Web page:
“We have to confront the ugly head of terrorism,” Duterte said Friday, standing near the explosion site in his hometown. “We will take this as a police matter about terrorism.”
The cause of the explosion, which happened around 10 p.m. ET Friday, is not known. But presidential spokesman Martin Andanar said components of a suspected improvised explosive device were found at the scene, according to CNN affiliate ABS-CBN.
No group has claimed responsibility, but Duterte said it’s possible the explosion “could be a reprisal” from extremists.
Philippine’s National Defense Secretary Delfin N. Lorenzana said he “assumes” the attack was carried out by the Islamist militant group Abu Sayyaf.
Duterte, the longtime mayor of Davao City, was elected President in May. He campaigned on a no-nonsense approach to crime and launched an intense — and deadly — crackdown on drug dealers.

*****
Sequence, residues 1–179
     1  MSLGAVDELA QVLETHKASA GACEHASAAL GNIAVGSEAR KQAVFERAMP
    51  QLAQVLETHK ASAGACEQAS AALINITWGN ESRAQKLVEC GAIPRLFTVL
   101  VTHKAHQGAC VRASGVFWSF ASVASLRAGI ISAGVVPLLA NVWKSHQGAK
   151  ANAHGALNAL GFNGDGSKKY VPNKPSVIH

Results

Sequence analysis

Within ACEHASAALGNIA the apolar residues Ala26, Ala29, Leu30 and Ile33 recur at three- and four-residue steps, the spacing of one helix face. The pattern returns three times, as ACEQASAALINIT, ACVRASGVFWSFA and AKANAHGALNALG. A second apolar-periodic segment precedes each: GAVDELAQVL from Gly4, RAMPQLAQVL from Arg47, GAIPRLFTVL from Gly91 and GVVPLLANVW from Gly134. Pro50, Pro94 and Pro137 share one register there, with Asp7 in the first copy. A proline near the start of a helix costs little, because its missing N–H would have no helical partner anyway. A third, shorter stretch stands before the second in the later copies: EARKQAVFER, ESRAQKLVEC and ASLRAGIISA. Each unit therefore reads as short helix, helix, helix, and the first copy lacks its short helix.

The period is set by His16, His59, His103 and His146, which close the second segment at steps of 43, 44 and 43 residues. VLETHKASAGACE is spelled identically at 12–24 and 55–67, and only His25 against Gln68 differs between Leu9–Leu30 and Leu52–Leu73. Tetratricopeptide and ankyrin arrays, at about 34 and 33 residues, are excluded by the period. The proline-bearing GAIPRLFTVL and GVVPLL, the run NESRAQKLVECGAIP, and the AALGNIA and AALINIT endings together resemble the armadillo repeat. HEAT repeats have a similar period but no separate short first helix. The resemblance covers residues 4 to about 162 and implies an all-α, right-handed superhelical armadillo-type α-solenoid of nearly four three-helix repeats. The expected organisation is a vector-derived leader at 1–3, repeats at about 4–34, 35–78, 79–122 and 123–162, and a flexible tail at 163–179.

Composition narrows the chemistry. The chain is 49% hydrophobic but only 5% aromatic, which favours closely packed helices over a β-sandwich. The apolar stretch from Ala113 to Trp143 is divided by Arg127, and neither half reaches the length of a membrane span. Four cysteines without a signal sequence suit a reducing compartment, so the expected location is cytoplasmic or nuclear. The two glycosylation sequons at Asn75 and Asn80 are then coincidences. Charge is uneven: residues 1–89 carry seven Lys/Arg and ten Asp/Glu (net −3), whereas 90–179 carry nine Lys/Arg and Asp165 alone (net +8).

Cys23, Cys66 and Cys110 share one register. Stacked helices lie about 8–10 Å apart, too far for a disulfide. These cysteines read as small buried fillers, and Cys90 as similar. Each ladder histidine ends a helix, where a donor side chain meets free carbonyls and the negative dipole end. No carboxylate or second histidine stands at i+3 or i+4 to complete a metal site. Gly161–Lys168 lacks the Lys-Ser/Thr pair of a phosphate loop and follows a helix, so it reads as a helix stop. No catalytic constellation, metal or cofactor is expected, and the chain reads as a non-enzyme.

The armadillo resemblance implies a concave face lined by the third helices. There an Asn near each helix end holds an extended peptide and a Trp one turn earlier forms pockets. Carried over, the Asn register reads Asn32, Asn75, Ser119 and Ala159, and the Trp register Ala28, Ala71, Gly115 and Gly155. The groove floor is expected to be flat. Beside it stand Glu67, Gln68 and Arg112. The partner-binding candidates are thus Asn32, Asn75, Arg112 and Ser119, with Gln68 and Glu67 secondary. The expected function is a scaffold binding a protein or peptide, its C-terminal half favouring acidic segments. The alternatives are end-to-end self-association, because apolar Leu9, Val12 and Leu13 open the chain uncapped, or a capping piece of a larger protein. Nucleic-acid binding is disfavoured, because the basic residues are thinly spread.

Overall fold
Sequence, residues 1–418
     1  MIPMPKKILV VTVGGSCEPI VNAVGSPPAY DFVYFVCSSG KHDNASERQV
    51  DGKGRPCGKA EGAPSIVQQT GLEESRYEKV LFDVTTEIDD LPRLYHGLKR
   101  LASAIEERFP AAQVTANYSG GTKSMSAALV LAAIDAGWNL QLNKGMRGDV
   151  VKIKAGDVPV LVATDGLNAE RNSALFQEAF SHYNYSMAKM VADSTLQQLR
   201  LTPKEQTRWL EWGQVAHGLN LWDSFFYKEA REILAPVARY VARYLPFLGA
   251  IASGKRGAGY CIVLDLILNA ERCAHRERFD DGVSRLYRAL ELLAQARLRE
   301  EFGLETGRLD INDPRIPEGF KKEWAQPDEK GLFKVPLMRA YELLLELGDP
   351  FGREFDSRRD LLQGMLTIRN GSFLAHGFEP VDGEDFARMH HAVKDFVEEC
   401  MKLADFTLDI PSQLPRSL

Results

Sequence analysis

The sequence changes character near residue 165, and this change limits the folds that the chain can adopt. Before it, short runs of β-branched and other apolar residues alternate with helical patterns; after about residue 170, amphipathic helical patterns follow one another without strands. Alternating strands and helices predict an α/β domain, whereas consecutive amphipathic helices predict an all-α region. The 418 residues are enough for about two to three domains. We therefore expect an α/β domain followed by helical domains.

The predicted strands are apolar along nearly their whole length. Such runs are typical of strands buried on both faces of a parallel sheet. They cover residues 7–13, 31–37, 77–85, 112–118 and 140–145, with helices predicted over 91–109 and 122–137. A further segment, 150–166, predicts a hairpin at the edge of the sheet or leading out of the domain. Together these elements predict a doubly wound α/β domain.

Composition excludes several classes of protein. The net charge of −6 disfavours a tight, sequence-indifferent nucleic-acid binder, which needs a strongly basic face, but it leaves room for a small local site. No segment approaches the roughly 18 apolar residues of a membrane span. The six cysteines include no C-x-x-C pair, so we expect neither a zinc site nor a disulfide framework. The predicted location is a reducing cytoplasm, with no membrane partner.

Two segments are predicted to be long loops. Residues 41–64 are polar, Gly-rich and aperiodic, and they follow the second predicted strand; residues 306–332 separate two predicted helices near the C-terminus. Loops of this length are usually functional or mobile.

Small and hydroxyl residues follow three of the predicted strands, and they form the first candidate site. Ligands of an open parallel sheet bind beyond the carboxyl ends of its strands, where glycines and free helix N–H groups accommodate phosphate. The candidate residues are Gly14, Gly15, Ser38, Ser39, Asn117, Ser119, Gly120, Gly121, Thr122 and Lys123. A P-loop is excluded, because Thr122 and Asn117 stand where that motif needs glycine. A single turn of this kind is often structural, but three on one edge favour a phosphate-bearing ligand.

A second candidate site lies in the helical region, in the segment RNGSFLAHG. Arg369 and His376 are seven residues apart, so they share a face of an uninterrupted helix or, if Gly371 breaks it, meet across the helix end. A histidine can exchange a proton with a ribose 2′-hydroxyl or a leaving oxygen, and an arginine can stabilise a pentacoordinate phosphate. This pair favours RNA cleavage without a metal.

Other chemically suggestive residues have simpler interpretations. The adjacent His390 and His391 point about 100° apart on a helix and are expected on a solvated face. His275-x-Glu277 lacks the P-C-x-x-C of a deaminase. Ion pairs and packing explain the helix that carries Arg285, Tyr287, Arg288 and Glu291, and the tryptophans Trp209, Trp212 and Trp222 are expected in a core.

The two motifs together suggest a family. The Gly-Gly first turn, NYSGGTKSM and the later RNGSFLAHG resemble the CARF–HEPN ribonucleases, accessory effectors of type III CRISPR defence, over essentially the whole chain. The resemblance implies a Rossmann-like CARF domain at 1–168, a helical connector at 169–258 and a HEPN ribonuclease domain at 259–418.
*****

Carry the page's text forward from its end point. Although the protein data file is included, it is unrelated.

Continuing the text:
The Philippine Daily Inquirer’s “Kill List” — regarded as one of the most accurate records of the killings of suspected drug dealers by police and vigilantes — has recorded 832 deaths since Duterte assumed office June 30. Police say at least 239 drug suspects were killed in the three weeks after Duterte’s inauguration.
Leonor Rala, a 19-year-old medical technology student at San Pedro College, told CNN she was in her dorm and about to go to bed when she heard an explosion.
She said she initially thought something had fallen on the roof of a neighboring building. She went down to survey the scene of the blast, about 100 yards from her dorm. Emergency teams were already in place.
“I am really scared to go out,” she said. “The roads are closed and nobody’s allowed to go out of the city. There are bomb threats everywhere and some of my schoolmates are victims of the explosion and now dead.”
She continued: “We’re very terrified because Davao City was known to be the safest city in the Philippines and a situation like this is very rare.”